Linked by Thom Holwerda on Mon 17th Sep 2007 15:17 UTC, submitted by Rahul
Legal Microsoft suffered a stunning defeat on Monday when a European Union court backed a European Commission ruling that the US software giant illegally abused its market power to crush competitors. The European Union's second-highest court dismissed the company's appeal on all substantive points of the 2004 antitrustruling. The court said Microsoft, the world's largest software maker, was unjustified in tying new applications to its Windows operating system in a way that harmed consumer choice. The verdict, which may be appealed only on points of law and not of fact, could force Microsoft to change its business practices.
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SMB(2) is not the only protocol we're talking about here. All that covers is file and printer sharing (I'm not really clear on if it even does authentication and NETLOGIN). There are a lot of server-server protocols necessary for proper replication of information on a domain. And it gets even more complicated when you consider replication across domains in an Active Directory. There are literally near 50 sub-protocols involved in this.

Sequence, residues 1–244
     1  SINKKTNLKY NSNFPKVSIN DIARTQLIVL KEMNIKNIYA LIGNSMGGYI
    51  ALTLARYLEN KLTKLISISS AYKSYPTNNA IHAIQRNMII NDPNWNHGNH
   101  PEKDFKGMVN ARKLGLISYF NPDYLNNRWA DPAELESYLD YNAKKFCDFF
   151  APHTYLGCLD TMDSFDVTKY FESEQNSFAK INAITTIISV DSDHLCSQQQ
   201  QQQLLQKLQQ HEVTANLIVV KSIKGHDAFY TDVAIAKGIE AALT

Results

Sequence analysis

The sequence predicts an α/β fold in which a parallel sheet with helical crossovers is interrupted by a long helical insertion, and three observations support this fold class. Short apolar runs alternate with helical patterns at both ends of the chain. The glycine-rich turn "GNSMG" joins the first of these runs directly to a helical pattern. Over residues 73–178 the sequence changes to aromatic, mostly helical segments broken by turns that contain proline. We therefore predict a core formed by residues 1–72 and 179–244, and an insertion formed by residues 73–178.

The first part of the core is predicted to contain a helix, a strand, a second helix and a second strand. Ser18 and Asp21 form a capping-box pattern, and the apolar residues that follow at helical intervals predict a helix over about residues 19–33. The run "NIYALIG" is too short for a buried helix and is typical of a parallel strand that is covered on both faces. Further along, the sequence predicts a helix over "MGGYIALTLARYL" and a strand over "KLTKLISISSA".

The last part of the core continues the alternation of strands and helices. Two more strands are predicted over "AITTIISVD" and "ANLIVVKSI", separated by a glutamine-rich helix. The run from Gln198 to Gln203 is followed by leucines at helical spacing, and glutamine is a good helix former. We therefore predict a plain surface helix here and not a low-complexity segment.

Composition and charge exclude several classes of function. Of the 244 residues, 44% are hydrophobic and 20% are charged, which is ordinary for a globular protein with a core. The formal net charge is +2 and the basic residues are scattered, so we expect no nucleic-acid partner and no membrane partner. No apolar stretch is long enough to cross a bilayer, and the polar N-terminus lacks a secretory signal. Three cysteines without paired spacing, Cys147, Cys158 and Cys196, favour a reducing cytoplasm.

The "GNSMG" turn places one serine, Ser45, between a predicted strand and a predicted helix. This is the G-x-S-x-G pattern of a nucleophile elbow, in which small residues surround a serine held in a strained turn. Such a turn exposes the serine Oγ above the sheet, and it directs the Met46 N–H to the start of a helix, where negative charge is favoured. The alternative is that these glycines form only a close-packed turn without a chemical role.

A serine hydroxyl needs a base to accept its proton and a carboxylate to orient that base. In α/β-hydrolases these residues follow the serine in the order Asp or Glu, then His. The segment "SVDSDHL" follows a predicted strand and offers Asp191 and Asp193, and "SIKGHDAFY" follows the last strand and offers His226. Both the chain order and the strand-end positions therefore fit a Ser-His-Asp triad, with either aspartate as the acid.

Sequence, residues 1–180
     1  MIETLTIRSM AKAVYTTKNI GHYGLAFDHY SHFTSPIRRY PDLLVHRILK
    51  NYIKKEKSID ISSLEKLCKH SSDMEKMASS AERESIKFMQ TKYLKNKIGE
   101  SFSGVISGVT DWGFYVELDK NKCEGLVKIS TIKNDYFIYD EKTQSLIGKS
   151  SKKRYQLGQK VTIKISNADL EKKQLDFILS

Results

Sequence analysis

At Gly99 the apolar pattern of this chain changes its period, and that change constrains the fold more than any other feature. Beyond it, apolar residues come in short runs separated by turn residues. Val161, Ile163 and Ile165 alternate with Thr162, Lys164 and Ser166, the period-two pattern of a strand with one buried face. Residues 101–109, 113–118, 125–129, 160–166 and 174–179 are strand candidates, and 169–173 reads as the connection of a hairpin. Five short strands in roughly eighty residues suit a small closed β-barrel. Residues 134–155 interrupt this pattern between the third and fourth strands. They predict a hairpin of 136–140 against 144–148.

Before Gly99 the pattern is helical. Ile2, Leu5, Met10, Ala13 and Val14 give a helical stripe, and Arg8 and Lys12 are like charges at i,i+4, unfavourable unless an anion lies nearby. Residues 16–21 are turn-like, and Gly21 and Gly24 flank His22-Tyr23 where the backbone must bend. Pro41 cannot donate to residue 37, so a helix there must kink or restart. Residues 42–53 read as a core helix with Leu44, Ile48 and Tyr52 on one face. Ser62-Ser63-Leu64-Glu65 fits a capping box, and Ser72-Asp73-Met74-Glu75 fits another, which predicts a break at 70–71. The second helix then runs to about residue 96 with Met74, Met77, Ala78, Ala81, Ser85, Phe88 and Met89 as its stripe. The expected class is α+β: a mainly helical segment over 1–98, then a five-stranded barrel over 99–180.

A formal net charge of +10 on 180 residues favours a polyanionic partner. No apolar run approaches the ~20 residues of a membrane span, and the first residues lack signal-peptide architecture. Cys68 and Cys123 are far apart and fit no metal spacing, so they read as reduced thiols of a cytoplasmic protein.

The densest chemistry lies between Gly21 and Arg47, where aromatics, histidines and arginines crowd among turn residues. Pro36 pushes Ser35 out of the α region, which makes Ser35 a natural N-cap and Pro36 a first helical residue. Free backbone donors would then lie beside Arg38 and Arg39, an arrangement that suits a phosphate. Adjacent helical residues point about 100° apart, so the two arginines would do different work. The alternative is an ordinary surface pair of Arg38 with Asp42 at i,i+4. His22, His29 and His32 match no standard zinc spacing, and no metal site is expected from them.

It's not really clear to me why Microsoft needs to release this and why you'd want to use many of these protocols except with multiple Windows servers. It makes sense to force the release of the server-client protocols so that you could use Linux servers to serve Windows clients and vice-versa. The EC also wanted server-server protocols though. In my opinon, these are a fundamental feature of the server system as a whole and that there should be no requirement on licensing these out for free (it's not particularly monopolistic to make multiple copies of your server work well together and perform useful connected roles).

Here's a patent on this sort of server-server communication that would be of particular relevance to someone trying to interoperate with Windows Server (password synchronization):

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